Molecular Self-Assembly in a Poorly Screened Environment: F4TCNQ on Graphene/BN
journal contributionposted on 17.12.2015, 10:25 authored by Hsin-Zon Tsai, Arash A. Omrani, Sinisa Coh, Hyungju Oh, Sebastian Wickenburg, Young-Woo Son, Dillon Wong, Alexander Riss, Han Sae Jung, Giang D. Nguyen, Griffin F. Rodgers, Andrew S. Aikawa, Takashi Taniguchi, Kenji Watanabe, Alex Zettl, Steven G. Louie, Jiong Lu, Marvin L. Cohen, Michael F. Crommie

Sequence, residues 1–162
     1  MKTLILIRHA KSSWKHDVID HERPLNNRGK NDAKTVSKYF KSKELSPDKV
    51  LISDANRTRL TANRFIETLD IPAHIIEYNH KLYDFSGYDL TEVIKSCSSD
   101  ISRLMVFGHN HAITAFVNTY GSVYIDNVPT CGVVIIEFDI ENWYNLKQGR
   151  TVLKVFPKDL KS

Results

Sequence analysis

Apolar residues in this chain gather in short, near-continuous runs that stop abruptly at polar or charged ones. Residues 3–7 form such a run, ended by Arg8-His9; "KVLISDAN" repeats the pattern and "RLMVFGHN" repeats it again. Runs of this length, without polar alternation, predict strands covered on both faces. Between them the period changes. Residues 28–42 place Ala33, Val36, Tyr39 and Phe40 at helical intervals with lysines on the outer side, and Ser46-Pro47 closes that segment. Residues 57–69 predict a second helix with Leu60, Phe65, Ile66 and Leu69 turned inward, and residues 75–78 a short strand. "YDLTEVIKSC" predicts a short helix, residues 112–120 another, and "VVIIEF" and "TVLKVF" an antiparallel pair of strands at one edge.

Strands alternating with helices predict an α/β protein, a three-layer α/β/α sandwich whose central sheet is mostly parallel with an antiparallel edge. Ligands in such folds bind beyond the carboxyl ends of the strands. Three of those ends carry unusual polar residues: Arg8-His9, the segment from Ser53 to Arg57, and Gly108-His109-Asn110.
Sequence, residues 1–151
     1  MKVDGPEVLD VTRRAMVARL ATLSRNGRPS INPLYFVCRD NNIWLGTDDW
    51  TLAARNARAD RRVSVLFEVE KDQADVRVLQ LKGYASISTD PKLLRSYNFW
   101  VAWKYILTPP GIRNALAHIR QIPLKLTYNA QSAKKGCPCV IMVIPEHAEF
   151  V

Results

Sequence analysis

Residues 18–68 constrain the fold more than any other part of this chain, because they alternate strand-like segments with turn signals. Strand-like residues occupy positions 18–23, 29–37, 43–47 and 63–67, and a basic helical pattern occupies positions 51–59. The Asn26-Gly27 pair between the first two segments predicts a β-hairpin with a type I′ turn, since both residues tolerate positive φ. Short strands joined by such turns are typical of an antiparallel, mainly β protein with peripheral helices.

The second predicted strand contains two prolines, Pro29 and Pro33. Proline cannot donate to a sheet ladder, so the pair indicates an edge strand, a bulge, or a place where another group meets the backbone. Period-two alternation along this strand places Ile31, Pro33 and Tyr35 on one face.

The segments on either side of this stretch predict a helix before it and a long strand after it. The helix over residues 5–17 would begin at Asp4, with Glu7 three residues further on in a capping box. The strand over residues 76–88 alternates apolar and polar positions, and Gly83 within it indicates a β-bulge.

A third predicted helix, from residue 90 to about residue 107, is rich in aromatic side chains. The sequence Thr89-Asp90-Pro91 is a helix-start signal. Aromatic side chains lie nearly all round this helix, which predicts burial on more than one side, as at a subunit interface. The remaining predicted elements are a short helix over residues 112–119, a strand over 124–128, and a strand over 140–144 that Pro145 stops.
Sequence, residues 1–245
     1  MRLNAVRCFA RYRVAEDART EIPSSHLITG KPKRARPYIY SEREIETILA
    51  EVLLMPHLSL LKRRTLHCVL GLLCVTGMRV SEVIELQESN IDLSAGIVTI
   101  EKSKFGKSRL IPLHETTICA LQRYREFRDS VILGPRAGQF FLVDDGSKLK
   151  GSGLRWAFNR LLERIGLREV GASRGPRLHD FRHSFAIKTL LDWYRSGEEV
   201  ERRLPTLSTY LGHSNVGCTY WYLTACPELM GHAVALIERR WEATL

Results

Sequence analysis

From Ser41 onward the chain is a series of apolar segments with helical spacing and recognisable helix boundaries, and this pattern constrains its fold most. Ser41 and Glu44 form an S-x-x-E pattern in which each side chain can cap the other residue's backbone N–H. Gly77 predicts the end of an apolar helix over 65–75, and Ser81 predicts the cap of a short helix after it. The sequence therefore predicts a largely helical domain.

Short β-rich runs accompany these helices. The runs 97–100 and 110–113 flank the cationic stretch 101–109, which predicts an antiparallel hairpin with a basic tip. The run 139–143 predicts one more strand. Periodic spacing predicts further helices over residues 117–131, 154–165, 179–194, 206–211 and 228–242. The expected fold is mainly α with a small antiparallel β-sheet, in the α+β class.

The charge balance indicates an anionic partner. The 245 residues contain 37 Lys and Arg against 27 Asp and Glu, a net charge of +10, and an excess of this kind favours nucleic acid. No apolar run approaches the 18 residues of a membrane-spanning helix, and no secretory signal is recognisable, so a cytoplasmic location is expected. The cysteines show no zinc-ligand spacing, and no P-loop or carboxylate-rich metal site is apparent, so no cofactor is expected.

We report a scanning tunneling microscopy and noncontact atomic force microscopy study of close-packed 2D islands of tetrafluorotetracyanoquinodimethane (F4TCNQ) molecules at the surface of a graphene layer supported by boron nitride. While F4TCNQ molecules are known to form cohesive 3D solids, the intermolecular interactions that are attractive for F4TCNQ in 3D are repulsive in 2D. Our experimental observation of cohesive molecular behavior for F4TCNQ on graphene is thus unexpected. This self-assembly behavior can be explained by a novel solid formation mechanism that occurs when charged molecules are placed in a poorly screened environment. As negatively charged molecules coalesce, the local work function increases, causing electrons to flow into the coalescing molecular island and increase its cohesive binding energy.